WEST DES MOINES, Iowa — Scott Walker tried to introduce himself to Iowa Republicans Thursday as so many would-be presidential candidates often do – one of their own.
After all, the Wisconsin governor weighing a 2016 bid for president spent seven years as a young child living in Plainfield, a tiny town in northeast Iowa Walker referred to a half-dozen times during a 40 minute speech at a Republican fundraiser.
More broadly, the rising GOP figure prescribed what he characterized as a Midwestern approach to politics and the way for Republicans, back-to-back White House losers, to win again.
"I would encourage us all to be more optimistic, more relevant and more courageous," Walker told 600 GOP activists in a suburban Des Moines hotel ballroom. "I think when we do, we win in Iowa, we win in Wisconsin, and all across this great country, and we transform this place we live in."
The first-term governor, who has won party acclaim for taking on unions and overcame a contentious recall election, has been raising his national profile with speeches to national Republican audiences in recent months and headlined fundraisers in New York and Connecticut this week.
Walker was making his first visit Thursday to the state that has traditionally held the first presidential caucuses. He was the keynote speaker at the Polk County Republican Party's annual spring fundraising dinner and also met privately with leaders at a separate fundraiser before the banquet.
The audience applauded when he noted during the speech how he won a larger victory in defeating Democratic Mayor Tom Barrett of Milwaukee during the recall vote last year than he did in his 2010 election. They cheered again when he described the budget surplus Wisconsin has today, compared with the $3.6 billion deficit in place when he took office.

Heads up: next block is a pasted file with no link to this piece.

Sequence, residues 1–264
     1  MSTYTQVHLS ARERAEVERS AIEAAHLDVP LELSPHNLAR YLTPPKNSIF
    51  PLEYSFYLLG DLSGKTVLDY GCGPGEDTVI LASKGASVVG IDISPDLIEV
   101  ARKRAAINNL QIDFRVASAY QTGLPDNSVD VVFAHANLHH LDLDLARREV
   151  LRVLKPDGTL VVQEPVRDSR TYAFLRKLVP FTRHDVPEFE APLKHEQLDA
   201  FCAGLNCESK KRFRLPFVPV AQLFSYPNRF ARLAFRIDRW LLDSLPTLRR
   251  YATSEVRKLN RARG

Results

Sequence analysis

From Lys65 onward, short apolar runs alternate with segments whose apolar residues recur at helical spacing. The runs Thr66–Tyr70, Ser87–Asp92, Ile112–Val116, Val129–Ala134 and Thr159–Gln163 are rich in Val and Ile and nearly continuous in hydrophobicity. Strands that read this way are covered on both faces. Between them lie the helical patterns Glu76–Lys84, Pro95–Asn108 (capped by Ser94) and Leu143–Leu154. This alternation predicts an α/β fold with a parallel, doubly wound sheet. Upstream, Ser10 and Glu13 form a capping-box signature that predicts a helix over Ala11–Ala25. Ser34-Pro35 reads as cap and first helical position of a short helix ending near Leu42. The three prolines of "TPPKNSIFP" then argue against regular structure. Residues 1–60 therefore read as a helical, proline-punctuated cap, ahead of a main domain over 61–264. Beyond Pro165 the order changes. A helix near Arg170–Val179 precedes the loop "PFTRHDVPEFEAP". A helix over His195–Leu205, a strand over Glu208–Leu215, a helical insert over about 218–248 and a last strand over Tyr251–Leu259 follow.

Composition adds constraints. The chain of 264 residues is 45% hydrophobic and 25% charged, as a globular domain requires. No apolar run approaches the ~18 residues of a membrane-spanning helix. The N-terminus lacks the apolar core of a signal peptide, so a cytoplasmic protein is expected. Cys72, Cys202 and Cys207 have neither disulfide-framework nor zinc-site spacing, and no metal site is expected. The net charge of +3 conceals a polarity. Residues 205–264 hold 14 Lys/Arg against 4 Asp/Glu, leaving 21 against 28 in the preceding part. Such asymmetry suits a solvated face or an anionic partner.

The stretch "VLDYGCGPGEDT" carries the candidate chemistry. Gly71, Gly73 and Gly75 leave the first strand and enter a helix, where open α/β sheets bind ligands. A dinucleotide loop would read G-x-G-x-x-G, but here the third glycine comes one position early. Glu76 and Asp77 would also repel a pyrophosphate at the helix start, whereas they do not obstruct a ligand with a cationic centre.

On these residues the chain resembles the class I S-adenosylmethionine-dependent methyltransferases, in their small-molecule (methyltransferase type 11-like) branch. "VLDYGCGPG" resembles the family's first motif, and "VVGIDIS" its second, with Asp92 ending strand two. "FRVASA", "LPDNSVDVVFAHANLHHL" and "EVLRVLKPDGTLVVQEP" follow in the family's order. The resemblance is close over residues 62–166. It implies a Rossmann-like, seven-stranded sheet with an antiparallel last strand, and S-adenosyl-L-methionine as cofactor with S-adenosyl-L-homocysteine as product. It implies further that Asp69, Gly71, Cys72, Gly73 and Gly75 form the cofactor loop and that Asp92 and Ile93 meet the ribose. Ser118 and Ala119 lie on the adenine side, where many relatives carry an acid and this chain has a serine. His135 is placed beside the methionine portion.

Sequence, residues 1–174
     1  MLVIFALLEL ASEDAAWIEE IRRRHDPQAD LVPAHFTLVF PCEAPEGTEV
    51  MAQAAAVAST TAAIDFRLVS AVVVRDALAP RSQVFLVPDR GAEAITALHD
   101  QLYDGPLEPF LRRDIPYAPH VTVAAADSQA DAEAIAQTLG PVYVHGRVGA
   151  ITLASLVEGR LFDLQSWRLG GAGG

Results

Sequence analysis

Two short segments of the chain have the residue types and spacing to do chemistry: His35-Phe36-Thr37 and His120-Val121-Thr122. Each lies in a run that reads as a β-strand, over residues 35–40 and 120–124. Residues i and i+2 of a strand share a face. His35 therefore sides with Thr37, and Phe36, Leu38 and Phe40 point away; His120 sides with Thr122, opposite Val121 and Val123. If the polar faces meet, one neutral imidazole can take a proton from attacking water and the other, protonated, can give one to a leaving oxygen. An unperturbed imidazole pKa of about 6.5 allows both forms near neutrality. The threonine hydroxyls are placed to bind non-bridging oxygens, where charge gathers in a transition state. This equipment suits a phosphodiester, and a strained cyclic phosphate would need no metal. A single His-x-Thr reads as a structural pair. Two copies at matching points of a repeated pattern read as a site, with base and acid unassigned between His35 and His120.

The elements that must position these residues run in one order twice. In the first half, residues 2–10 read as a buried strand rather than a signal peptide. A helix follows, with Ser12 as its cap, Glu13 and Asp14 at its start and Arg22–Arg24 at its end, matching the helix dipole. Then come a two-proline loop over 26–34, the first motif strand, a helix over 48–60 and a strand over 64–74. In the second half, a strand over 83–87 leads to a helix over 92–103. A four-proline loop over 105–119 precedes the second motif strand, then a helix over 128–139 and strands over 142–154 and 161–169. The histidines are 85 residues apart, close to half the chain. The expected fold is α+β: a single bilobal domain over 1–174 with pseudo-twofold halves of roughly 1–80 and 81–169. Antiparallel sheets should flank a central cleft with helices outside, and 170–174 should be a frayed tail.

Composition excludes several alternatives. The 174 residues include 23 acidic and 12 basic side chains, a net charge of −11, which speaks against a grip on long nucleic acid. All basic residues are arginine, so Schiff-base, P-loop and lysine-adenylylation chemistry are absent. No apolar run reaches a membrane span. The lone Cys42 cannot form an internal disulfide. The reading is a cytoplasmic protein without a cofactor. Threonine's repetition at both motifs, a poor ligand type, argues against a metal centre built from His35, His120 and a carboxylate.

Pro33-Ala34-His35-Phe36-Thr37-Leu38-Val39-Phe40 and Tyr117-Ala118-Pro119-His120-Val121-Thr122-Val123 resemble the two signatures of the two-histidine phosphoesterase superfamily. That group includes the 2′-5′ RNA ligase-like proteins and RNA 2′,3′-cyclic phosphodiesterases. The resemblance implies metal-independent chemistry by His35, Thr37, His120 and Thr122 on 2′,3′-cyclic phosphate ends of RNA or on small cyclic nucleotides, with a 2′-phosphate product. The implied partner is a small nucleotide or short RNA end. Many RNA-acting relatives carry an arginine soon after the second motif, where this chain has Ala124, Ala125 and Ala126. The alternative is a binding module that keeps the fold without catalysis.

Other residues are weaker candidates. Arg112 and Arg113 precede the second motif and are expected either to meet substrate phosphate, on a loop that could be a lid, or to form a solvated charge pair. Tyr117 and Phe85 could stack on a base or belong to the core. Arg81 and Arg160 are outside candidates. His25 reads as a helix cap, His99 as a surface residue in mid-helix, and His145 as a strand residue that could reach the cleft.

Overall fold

"Scott Walker is a great example of a courageous governor who made the tough decisions and has the state going in the right direction," said Iowa Gov. Terry Branstad, a Republican who attended the event.
Walker opponents, including some who traveled from Milwaukee, said earlier Thursday that Walker had overpromised the number of jobs he would bring in. Wisconsin's unemployment has dropped during his time in office, albeit less dramatically than in other Midwestern states such as Michigan and Ohio.
Walker kept returning in his remarks to his time in Iowa, as a boy, and the son of a Baptist minister. Walker moved to southern Wisconsin when he was 10.
He ticked through the name of a former teacher, a neighbor and the state legislator-turned congressman, "a farmer down the way from us named Chuck Grassley." Grassley is now Iowa's senior U.S. senator, serving his sixth term.
Should he decide to run for president, Walker's Iowa ties and evangelical upbringing could serve him well in Iowa's Republican caucuses, where Christian conservatives make up an influential bloc.
Walker didn't touch social issues. Instead, he urged the party to reach out to voting blocs Republicans have struggled to win, such as Latinos. Walker trumpeted his success winning Hispanic-leaning precincts when he was Milwaukee County executive before being elected governor.
"We've got a message of opportunity and optimism. We've got to be willing to go to places that Republicans typically don't go," he said.
It's a style that works for Connie Schmett, a Des Moines-area Republican who contributed money to Walker's recall campaign and attended the event Thursday.
"He's like your brother, your neighbor," she said. "I've seen a lot of these guys. And he just seems like a good guy."